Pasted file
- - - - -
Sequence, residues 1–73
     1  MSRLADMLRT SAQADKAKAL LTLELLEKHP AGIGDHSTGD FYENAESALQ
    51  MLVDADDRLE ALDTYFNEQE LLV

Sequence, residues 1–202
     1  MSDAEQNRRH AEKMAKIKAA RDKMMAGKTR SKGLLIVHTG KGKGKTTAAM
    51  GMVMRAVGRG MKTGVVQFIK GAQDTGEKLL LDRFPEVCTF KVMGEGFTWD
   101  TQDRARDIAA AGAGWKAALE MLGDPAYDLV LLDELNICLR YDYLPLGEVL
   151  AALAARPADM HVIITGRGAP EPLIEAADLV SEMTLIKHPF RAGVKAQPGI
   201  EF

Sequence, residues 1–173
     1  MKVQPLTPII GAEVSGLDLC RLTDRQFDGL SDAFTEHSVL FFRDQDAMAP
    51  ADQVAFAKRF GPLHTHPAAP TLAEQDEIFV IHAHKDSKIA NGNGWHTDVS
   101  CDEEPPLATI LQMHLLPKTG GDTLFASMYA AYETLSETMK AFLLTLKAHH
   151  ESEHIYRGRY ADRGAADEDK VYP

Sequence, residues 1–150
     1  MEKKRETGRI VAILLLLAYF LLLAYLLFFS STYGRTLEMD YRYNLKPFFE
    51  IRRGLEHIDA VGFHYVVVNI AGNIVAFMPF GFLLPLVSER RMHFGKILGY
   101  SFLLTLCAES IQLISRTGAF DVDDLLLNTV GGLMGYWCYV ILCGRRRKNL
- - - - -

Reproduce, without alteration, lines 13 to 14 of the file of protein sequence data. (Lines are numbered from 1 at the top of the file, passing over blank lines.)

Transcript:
   101  CDEEPPLATI LQMHLLPKTG GDTLFASMYA AYETLSETMK AFLLTLKAHH
   151  ESEHIYRGRY ADRGAADEDK VYP